Even Wall Street investors think Gen Z should ditch finance for tech and Gen Alpha should become doctors

female technician using server
Tech’s pros consistently outweigh its cons.
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The robots are coming for your job. At least that’s what the investment class thinks.

Last week, Bloomberg surveyed 678 investors about the future of work as part of its Markets Live Pulse survey. Almost 40% of respondents said that if elementary-school-age children—known as Gen Alpha—want an A.I.-proof job when they grow up, they should work in health care. Jobs in the medical fields rely near-exclusively on human-to-human interaction, which, as it stands, doesn’t seem easily replaceable by artificial intelligence or ChatGPT.

They were surprisingly bearish on their own field, too: finance. Only 12.4% said the field would be most A.I.-proof for kindergarteners. 

The picture changes for graduating high school seniors. For that age group, 51.3% of Bloomberg respondents encouraged a career in tech. The second-most popular industry was health care, followed by finance, then social media, sports, and other areas.  

In an earlier MLIV Pulse survey, Bloomberg wrote, most workers in the financial sector expressed confidence that their jobs were safe from being replaced by A.I. within the next three years. But over the long haul, that confidence has been shaken by the events and revelations of the past year. 

“At an investment bank, people are hired out of college, and spend two, three years to work like robots and do Excel modeling—you can get A.I. to do that,” Pengcheng Shi, a dean at the Rochester Institute of Technology’s computer science department, told the New York Post in January.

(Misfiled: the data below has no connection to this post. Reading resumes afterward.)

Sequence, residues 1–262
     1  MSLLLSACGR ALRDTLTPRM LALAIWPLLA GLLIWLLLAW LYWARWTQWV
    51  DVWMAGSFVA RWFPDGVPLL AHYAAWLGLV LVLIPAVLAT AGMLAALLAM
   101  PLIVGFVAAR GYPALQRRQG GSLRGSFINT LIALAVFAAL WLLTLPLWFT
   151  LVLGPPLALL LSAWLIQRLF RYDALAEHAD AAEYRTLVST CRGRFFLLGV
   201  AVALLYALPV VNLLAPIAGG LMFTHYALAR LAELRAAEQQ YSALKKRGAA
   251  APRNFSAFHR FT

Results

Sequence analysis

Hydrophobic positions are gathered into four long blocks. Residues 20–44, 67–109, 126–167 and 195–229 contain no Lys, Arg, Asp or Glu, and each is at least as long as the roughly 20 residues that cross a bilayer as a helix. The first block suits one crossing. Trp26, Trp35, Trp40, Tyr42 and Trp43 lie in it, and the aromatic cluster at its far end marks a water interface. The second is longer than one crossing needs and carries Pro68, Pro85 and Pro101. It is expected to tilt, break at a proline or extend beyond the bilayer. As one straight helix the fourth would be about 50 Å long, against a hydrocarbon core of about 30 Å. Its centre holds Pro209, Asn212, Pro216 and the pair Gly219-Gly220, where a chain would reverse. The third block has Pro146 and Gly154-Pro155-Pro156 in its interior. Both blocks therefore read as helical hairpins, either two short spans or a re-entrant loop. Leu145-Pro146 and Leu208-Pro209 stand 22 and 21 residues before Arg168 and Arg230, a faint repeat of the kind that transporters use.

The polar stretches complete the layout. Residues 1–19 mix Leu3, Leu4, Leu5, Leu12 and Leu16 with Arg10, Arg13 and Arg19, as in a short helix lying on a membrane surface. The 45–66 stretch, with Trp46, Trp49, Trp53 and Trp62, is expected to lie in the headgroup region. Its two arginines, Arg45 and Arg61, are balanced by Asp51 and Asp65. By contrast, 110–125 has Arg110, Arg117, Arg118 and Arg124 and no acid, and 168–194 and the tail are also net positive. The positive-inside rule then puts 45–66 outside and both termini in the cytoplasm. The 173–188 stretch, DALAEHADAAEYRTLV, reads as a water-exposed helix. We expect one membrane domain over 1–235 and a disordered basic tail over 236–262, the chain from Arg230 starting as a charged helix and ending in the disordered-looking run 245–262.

Plus, “A.I. can identify trends in the market, highlight what investments in a portfolio are doing better and worse, communicate all that, and then use various other forms of data by, say, a financial company to forecast a better investment mix,” Mark Muro, a senior fellow at the Brookings Institution who has researched the impact of A.I. on the U.S. workforce, told Insider.

The fact that the tech world—following a period of rampant over-hiring during the pandemic—has been rife with layoffs this year, seems to be of little note to the respondents. It would appear that despite the risks inherent to working at a giant like Salesforce, Meta, or Twitter right now, tech skills remain in high demand and the positives of the industry as a whole continue to outweigh the downsides.  

“The highest-paying jobs were so clearly in the finance sector for two or three decades, and now tech is really competitive with that—they’re kind of neck and neck,” Andrew Challenger, senior vice president of HR consulting firm Challenger, Gray & Christmas, told Bloomberg. But even though health care will potentially reign supreme in 50 years, tech and finance will still be the most lucrative options for the foreseeable future, he predicted.

The proof is in the pudding: When Big Tech and Silicon Valley cut hundreds of thousands of jobs, other companies across industries flew into action, recruiting and hiring that same talent for a variety of positions. That’s another point in favor of workers with tech skills. 

“For every Big Tech company that’s laying off, there are still the [small and midsize] companies in these markets that are eager to absorb the talent,” Megan Slabinski, a Bay Area and Pacific Northwest district president at staffing firm Robert Half, told Fortune’s Anne Sraders. “As soon as people are hitting the market, they’re being pursued and absorbed by those other industries and other companies.”

Working in health care also proves to be a lucrative decision. The global population is growing older and frailer; by 2040, the population of aging seniors—already the largest-ever today—is expected to hit 80.8 million. According to the United Nations, by 2050, the share of “older adults” will reach an estimated 1.6 billion—16.5% of the total population. As a result, many economists expect an outsize demand for health care workers. 

One thing that definitely can’t be outsourced to robots or ChatGPT anytime soon: tactile jobs. While 74% of Bloomberg’s survey respondents said undergrad degrees are still worth the time and effort, some suggested that a career in the trades—such as working in HVAC or as a driver—could be both a lucrative and wise decision. Not to mention, it would mean avoiding unthinkably high student loan debt, which even the most advanced A.I. would struggle to pay off.

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